A prevention program led by community workers is effective at lowering blood pressure and diabetes, say researchers. This is the largest program to successfully replicate the results achieved by the Diabetes Prevention Project (DPP), a research study led by the National Institutes of Health and supported by Centers for Disease Control and Prevention, which demonstrated several years ago that lifestyle weight-loss interventions can reduce the incidence of diabetes by 58 percent. The study is published in the March 18 issue of the American Journal of Preventive Medicine.
"We wanted to take this intervention out to people in the community rather than having them have to come to us in a clinical setting," said the study's lead author, Jeff Katula, Ph.D., assistant professor of health and exercise sciences at Wake Forest University and joint assistant professor of epidemiology and prevention at Wake Forest Baptist. "Given the high prevalence of obesity and metabolic syndrome and risk for diabetes, our study shows we can provide an effective program in a community setting."
Latest estimates indicate that almost 26 million people in the U.S. have diabetes and another 79 million adults have prediabetes, a condition in which blood glucose levels are higher than normal but not yet high enough to be diagnosed as diabetes. Despite improved treatment, the overall public health burden continues to increase, which highlights the critical importance of prevention, Katula said.
Because the DPP involved substantial amounts of resources and specialized personnel, the goal of the Wake Forest Baptist study was to test a translation of the DPP model in community settings. The lifestyle weight-loss interventions were conducted by community health workers in parks and recreation centers, rather than by health care professionals in clinical settings.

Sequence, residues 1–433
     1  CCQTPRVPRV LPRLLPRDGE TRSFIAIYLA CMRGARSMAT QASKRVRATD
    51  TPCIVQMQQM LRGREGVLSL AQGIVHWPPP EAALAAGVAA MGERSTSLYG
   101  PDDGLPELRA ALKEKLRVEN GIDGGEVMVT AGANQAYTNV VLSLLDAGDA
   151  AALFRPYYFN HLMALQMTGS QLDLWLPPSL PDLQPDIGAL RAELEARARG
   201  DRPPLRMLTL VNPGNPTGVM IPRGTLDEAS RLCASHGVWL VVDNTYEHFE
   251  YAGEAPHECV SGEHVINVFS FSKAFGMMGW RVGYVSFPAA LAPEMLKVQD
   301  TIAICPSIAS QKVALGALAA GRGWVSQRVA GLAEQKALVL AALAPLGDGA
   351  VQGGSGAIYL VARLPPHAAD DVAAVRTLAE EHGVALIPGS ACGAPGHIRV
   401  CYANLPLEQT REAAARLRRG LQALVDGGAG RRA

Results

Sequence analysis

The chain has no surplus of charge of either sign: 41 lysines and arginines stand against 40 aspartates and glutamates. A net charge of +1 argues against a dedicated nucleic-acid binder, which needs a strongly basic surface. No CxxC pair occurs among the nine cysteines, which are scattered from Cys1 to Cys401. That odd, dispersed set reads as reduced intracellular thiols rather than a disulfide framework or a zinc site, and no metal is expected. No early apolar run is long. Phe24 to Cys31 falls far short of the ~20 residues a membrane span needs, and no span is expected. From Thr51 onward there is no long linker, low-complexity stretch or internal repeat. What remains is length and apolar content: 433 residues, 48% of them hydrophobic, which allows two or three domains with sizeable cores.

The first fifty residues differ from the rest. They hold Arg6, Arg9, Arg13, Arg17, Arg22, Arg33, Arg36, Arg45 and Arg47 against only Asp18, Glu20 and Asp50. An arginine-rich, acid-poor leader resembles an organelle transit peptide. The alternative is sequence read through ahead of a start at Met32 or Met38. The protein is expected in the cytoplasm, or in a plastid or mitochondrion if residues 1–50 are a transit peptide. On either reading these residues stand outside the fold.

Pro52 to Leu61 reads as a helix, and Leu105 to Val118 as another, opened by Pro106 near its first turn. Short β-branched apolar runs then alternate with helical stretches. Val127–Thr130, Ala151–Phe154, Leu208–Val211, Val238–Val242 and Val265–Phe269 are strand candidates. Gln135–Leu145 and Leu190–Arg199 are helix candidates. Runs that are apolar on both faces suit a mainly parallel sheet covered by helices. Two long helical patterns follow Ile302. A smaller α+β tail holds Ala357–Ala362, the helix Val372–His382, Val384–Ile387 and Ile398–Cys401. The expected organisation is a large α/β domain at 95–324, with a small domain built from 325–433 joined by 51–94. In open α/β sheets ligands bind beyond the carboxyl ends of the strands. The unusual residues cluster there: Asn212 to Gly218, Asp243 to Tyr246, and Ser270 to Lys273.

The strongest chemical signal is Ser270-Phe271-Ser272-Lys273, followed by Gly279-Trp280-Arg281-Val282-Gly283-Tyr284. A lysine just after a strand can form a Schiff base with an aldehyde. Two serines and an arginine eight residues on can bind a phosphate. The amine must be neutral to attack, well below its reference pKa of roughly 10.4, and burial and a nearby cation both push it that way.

Overweight and obese volunteers with elevated fasting blood glucose were assigned randomly to either a group-based, lifestyle weight-loss intervention (LWL) or an enhanced usual care comparison (UCC). The UCC was designed to exceed the usual care a person with prediabetes would typically receive, which might include a doctor advising a patient to lose weight and to exercise. In this study, the enhanced UCC provided participants with two meetings with a registered dietitian and monthly newsletters.
Results indicated that the significant reductions in body weight, BMI, waist circumference, fasting blood glucose, insulin and insulin resistance achieved during the first year of the program by the LWL group largely were maintained in the second year as compared to the usual care group. Additionally, at 24 months the percentage of volunteers who lost 5 percent or more of their initial body weight was 46.5 percent in the LWL group versus 15 percent in the UCC group.
"Many previous studies have shown that people can lose weight for six months, but maintaining those changes, particularly metabolic changes, over time is the real challenge," Katula said.
The study was limited in that participants were only from one county in North Carolina that included a mid-sized city. It is unknown whether this type of intervention can be implemented effectively in varying geographic locations involving various racial distributions and/or in rural settings, Katula said.
This project was supported by award R18DK069901 from the National Institute of Diabetes and Digestive and Kidney Diseases.
Co-authors of the study are Mara Vitolins, Dr.PH., Timothy Morgan, Ph.D., Caroline Blackwell, B.S., Scott Isom, M.S., Carolyn Pedley, M.D., of Wake Forest Baptist; David Goff Jr., M.D., Ph.D., of the University of Colorado School of Public Health; and Michael Lawlor, Ph.D., of Wake Forest University.